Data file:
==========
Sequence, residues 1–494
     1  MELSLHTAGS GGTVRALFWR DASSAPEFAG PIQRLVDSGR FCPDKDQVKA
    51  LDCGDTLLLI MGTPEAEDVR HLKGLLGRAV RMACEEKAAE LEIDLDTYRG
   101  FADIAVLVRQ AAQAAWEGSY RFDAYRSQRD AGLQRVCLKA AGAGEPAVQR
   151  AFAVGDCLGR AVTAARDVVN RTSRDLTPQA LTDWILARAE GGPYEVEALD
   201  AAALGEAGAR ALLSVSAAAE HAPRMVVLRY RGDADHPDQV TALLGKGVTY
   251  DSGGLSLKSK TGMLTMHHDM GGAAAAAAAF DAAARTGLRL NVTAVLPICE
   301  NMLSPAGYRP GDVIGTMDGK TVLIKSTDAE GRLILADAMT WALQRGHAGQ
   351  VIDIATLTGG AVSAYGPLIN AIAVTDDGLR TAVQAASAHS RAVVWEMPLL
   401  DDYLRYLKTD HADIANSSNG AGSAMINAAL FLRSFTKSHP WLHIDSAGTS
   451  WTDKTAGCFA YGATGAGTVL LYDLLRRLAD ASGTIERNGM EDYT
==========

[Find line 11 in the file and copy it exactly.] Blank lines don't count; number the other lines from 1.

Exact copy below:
   451  WTDKTAGCFA YGATGAGTVL LYDLLRRLAD ASGTIERNGM EDYT